Assistant Professor, Department of Computer Science, University of Illinois at Urbana-Chamapign, 2013-
Affiliate Faculty Member, Department of Electrical and Computer Engineering, University of Illinois at Urbana-Chamapign, 2016-
andreask@illinois.edu | |
4318 Siebel Center | |
+1 217 244-6401 | |
Dept. of Computer Science 201 N Goodwin Ave Urbana, IL 61801 USA |
Research Interests
- High-Order Numerical Methods for Partial Differential Equations (mainly elliptic and hyperbolic)
- Integral Equation Methods and Fast Algorithms
- High-Performance Scientific Computing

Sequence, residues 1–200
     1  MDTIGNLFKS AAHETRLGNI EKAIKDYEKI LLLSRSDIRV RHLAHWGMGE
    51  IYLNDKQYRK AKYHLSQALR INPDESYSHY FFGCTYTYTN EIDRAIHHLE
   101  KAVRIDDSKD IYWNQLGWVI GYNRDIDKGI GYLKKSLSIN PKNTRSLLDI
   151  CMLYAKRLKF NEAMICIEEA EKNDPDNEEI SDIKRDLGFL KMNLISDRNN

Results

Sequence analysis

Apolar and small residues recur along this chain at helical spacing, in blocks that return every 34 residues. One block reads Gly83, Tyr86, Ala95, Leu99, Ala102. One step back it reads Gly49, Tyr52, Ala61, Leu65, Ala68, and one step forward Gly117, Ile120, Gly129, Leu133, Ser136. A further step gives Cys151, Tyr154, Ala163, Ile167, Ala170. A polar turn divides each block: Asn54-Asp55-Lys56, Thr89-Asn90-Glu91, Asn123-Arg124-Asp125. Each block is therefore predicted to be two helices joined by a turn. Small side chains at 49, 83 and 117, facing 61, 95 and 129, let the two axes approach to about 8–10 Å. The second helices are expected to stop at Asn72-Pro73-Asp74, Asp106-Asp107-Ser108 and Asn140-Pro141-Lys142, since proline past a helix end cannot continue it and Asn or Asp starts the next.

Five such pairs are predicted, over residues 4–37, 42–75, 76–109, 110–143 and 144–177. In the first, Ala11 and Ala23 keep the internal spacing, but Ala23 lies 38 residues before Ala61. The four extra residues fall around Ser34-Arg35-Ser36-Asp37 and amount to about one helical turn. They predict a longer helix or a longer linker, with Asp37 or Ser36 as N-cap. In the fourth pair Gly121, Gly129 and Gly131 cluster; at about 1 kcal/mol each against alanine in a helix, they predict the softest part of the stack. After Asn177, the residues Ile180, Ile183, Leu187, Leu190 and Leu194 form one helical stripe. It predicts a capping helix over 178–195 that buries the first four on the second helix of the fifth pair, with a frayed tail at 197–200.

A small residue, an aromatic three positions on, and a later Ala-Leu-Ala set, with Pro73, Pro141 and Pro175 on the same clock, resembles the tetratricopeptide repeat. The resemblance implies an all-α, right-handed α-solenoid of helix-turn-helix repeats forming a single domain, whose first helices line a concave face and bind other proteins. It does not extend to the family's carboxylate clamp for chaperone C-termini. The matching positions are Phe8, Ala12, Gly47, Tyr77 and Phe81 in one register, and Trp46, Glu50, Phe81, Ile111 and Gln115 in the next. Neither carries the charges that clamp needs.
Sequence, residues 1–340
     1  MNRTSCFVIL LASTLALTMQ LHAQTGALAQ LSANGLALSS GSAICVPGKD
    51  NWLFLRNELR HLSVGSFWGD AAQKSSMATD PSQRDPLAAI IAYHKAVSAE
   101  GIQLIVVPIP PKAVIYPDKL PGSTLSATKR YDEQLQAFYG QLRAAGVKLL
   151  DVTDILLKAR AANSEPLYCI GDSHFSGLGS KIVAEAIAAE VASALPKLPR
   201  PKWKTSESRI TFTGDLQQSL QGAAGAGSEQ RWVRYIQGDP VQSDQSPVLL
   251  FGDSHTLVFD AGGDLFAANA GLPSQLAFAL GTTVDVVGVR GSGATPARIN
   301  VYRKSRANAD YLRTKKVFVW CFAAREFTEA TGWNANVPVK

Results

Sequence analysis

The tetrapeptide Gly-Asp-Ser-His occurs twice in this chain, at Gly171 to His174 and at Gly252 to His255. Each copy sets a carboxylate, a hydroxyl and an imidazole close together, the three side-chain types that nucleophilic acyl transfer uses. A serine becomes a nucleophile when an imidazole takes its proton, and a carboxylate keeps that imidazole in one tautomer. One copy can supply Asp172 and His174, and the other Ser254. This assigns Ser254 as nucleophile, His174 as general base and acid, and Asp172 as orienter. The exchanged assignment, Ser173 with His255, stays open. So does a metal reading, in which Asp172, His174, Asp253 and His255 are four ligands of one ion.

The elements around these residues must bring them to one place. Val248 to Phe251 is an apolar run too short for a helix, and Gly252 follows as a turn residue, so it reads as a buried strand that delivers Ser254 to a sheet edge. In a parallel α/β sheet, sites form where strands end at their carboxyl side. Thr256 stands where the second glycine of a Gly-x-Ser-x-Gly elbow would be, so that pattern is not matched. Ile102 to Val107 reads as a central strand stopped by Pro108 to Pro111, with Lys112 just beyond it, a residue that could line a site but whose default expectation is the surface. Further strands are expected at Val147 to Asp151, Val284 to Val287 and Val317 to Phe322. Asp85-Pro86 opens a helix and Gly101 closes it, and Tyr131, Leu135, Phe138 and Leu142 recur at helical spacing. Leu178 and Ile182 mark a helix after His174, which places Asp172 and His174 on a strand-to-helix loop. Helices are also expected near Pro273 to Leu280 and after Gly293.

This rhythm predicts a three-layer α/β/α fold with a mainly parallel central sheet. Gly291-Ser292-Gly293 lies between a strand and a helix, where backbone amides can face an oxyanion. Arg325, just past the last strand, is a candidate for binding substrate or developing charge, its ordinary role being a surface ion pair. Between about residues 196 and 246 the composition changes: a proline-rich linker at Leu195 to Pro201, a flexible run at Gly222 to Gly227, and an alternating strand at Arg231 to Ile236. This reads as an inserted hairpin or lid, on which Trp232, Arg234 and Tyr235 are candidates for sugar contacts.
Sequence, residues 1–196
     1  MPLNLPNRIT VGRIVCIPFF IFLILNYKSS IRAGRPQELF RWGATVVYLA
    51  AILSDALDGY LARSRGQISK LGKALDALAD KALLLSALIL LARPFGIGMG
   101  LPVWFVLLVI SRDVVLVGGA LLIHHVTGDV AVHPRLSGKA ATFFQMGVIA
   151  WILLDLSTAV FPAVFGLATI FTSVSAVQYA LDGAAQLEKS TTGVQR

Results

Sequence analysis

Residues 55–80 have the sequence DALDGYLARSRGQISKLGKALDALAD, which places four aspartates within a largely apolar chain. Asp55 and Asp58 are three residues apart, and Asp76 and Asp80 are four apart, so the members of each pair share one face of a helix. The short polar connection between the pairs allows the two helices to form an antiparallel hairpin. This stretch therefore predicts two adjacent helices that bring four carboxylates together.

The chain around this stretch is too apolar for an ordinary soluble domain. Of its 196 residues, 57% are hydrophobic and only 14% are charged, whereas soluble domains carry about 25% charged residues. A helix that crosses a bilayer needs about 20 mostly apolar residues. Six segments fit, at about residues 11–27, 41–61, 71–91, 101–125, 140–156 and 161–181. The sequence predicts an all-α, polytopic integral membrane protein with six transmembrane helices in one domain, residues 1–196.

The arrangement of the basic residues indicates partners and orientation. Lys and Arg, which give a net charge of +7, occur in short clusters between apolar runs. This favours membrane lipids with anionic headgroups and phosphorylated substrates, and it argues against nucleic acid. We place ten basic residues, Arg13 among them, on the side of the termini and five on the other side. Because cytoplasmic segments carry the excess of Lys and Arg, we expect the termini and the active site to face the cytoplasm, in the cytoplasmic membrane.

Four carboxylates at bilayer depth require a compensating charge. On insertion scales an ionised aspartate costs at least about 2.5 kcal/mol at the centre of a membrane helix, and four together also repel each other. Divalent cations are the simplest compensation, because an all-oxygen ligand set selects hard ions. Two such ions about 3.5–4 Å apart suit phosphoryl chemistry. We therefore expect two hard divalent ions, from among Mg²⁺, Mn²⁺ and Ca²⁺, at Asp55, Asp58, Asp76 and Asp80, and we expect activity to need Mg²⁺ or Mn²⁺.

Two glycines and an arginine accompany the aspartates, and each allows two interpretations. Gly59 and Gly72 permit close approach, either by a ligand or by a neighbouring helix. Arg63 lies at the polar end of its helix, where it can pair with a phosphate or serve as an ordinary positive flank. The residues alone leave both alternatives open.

- Software Infrastructure for Scientific Computing
More:
Group
Postdocs
- Xiaoyu Wei (Postdoc since fall of 2018, previously visiting 10/2017—4/2018 from the PhD program, Mathematics, HKUST)
Graduate Students
- Matt Wala (PhD, Computer Science, 2014-)
- James Stevens (PhD, Computer Science, 2015-)
- Cory Mikida (PhD, Aerospace Engineering, joint with Daniel Bodony, 2015-)
- Isuru Fernando (PhD, Computer Science, 2017-)
- Hao Gao (PhD, Computer Science, 2017-)
- Kaushik Kulkarni (PhD, Computer Science, 2017-)
Undergraduates
- Shivam Gupta (BS, Computer Science, 2014-2018)
- Ellis Hoag (BS, Computer Science, 2017-2018)
- Hao Gao (BS, Math and Computer Science, 2016-2017)
- Bogdan Enache (BS, Computer Science, 2016-2018)
- John Doherty (MS, Computer Science, 2017-2018)
Alumni
- Natalie Beams (PhD 2017, joint with Luke Olson, onward to postdoc with Adrianna Gillman, Computational and Applied Math, Rice University)
Software